When the SIA announced the findings of its survey on women and minorities in the securities industry this spring, the statistics were underwhelming.

"No surprises," says Kathleen Flanagan, co-chair of the SIA Diversity Committee, which created the poll and published the results in a report for member firms.

Minority retail brokers are scarce in this business. They represent just 3.7% of the sales force at firms responding to the survey. And women reps have a long way to go before their numbers reflect society in general. Only 12.2% of the registered reps at responding firms are female.

However, the statistics don't tell the whole story, committee members say. More importantly, the survey shows that most member firms are sensitive to the issue of diversity and have established programs to improve the situation.

"The thing that was most encouraging and gratifying was the level of activity we found in this area," says Flanagan, who is also corporate communications manager at John Nuveen & Co. in Chicago. "There is a widespread focus on diversity throughout the industry."

For example, more than half of the firms surveyed have recruitment efforts aimed at attracting women to entry-level positions and 41.7% have programs aimed at hiring minorities for entry-level positions.

Minority Leadership Is Lacking One of the most striking--if not surprising--statistics uncovered in the survey is the near nonexistence of minorities in retail management. Just 1.2% of the branch, regional, division or district managers within the firms surveyed are ethnic minorities. The leadership figures are somewhat better for women, which represent roughly 8.4% of the managers.

However, members of the diversity committee are quick to point out that the survey results are not projectable across the entire industry. A total of 74 firms answered the "demographic" parts of the questionnaire, representing just 25% of the industry's total employers.

Bernard Beal, co-chair of the committee and CEO of M.R. Beal & Co. in New York, also wonders if the numbers might improve as research in this area expands.

"What those numbers should be, professionally, I really don't know," Beal says. "Personally, I'd like to see them higher. I think that there are very talented people out there who could fill those roles."

Respondents Blame Intolerance, Exclusivity Blamed One hundred percent of the survey's respondents believe minorities are "underrepresented" in the industry. Why? "Because the industry is generally intolerant of anyone who is 'different' [than] white, male brokers," writes one respondent. Others say minorities don't typically have family connections to the industry, which often serve as an introduction for aspiring brokers.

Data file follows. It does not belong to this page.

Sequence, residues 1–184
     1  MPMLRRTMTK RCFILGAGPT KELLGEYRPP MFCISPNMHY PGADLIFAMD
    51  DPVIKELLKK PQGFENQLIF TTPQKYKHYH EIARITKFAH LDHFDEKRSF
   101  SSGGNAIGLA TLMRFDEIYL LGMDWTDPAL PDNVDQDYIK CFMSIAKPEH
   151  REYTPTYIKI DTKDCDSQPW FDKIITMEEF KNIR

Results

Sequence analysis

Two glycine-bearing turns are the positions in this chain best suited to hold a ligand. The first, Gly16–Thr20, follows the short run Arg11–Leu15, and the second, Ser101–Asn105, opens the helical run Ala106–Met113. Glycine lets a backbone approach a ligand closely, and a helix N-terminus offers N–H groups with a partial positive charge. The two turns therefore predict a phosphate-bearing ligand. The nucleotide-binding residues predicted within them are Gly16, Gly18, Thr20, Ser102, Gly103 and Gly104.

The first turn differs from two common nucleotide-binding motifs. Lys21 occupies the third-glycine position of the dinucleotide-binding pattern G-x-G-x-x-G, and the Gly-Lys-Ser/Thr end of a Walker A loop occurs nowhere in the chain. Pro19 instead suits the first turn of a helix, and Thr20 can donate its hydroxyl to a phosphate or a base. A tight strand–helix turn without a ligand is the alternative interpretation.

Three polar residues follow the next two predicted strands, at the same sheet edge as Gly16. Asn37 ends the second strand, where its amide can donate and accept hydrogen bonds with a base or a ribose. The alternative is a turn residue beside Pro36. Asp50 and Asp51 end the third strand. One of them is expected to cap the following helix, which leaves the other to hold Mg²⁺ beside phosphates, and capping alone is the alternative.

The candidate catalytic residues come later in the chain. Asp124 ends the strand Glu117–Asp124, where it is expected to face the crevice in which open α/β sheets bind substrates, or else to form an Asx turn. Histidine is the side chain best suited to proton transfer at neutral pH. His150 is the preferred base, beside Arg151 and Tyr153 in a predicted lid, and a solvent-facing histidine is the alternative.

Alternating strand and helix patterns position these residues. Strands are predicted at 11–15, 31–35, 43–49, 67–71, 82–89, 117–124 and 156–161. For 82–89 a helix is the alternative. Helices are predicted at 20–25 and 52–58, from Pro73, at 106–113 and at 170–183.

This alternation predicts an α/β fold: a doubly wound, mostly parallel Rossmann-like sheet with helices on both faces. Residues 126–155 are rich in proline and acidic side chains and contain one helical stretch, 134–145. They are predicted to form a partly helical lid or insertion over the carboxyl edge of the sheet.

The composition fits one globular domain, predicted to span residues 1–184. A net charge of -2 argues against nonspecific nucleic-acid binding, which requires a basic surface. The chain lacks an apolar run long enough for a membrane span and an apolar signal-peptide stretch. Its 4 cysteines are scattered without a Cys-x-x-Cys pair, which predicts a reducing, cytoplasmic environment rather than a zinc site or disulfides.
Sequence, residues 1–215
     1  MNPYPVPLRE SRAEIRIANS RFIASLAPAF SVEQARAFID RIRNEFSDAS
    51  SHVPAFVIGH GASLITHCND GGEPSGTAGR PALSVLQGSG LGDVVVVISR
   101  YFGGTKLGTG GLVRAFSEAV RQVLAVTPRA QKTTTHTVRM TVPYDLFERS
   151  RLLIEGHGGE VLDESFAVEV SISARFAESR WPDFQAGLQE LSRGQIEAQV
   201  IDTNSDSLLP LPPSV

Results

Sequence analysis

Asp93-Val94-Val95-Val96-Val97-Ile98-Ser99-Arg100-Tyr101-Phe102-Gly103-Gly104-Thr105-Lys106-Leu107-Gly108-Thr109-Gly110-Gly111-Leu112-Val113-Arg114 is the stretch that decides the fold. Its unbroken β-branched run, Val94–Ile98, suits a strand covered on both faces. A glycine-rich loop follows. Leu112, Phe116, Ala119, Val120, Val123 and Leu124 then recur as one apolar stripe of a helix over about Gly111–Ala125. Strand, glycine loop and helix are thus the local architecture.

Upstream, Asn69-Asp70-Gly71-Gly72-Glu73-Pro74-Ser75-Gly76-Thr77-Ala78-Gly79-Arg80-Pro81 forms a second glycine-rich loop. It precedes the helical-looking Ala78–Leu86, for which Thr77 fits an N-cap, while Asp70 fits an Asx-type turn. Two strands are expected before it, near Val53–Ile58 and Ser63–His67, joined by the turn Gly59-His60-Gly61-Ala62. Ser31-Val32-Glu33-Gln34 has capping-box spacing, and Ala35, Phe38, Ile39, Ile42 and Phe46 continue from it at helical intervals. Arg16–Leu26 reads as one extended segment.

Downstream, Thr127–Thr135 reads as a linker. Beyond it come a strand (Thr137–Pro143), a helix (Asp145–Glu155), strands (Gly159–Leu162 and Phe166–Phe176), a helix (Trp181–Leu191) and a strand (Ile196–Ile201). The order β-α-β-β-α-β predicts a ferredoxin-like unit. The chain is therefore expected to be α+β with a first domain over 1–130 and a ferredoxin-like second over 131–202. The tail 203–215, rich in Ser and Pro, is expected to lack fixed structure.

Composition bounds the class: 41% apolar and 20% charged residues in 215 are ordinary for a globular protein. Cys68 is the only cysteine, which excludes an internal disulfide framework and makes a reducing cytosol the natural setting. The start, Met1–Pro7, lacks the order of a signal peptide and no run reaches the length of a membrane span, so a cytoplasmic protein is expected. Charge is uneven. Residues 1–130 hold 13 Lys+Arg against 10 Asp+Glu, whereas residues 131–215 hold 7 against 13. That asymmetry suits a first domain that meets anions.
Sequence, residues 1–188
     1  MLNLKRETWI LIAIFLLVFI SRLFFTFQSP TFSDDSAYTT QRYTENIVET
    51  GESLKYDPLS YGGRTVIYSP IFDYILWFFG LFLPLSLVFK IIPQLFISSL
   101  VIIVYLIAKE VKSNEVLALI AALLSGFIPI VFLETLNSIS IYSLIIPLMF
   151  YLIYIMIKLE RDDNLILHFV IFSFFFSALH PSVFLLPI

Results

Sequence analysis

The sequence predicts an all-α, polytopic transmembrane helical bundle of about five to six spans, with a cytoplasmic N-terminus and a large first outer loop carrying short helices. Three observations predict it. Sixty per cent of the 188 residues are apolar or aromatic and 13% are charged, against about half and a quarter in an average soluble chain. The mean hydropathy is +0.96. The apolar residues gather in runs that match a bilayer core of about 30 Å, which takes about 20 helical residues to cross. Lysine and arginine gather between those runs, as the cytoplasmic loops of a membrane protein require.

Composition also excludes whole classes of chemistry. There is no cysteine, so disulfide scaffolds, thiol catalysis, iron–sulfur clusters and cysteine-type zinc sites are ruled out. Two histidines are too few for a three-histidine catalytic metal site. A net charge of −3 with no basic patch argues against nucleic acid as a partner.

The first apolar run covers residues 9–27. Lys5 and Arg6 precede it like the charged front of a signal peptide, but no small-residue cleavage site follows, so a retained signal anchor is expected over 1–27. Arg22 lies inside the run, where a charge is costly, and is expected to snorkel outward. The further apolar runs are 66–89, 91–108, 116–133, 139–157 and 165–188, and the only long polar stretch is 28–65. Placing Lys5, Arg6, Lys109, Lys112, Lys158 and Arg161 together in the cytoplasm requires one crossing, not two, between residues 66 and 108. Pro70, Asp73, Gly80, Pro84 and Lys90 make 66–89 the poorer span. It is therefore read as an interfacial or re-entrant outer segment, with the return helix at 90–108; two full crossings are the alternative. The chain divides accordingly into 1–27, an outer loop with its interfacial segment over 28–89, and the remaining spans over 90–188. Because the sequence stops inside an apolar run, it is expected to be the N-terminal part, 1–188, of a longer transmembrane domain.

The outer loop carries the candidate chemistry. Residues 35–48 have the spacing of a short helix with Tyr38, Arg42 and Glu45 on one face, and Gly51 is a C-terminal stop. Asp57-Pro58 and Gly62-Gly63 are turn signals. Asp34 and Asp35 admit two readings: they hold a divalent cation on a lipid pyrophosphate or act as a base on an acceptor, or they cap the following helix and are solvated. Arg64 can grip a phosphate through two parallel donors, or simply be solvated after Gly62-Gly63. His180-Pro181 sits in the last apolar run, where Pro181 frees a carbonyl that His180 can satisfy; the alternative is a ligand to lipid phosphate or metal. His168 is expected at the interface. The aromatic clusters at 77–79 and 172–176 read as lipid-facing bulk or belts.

The assessment is a little brighter for women. About 84% of the survey respondents say women are "underrepresented" in the industry, 6% don't think so and 10% say they don't know if they are or not.

Again, respondents blame the low numbers of females on industry "exclusivity." "Women are generally accepted as qualified support staff, but are limited for career advancement or career development," one respondent writes.

Indeed, the survey says women represent 44.9% of the industry's retail work force, indicating that women are much more likely to participate in administrative roles.

Among the different types of firms, larger retail firms (with 1,000 or more employees) seem more welcoming to women and minorities. Women and minorities are more likely to hold management positions at these large firms than they are at firms of all sizes.

Repair Efforts Minimal Formal diversity programs are scarce. Just 10 firms say they have written mission statements that go beyond equal employment opportunity. A larger number of the firms have some kind of informal plan in place. For example, 15 firms have active corporate diversity committees and 10 employ a diversity manager.

Overall, the most effective methods used by these groups to encourage diversity are corporate policies against sexual harassment, minority-recruitment efforts for entry-level positions, internship programs for women and minorities, general employee-development programs, and recruitment efforts at mid- and senior-level positions. A total of 95 firms answered the survey questions about diversity initiatives.

Some of the "most innovative" initiatives, according to the authors of the report, are partnerships with colleges and universities, alliances with community groups and policies that support work/life balance.

"Accountability" is also a buzzword in the diversity initiatives. Roughly 21% of the firms say management is held accountable for diversity. Of those firms, 46% say the success or failure of diversity initiatives could affect an executive's performance appraisal, 30.8% say it could affect executive bonuses and 23.1% mention promotion potential. But none of the respondents say an executive's salary is affected. Therefore, very few executives have tangible incentives for promoting diversity.

What motivates the firms? More than 80% say their mission is to provide everyone with an equal opportunity to succeed, while 70% want "a more stimulating, innovative and responsive organization." About 50% want to avoid legal or public relations problems, 40% want to attract more talent and 40% see diversity as a way to reach more investors. A few firms (14%) say diversity is "required by customers."

Finally, both the report and the diversity committee members presenting it acknowledge freely that the industry has just begun to address its lack of diversity. No magic bullet will transform the industry and no one-size-fits-all approach will succeed either, the report says.

Adds Flanagan, "This isn't going to happen overnight."

As a result of the survey and report, the SIA Diversity Committee has established eight goals for 1999:

1) Bring three new minority-owned firms into its membership of 740 firms. (It currently has 17 minority-owned member firms.)

2) Create a "best practices guide" on recruitment, training, mentoring and partnering with community organizations.

3) Promote firm participation in minority career fairs.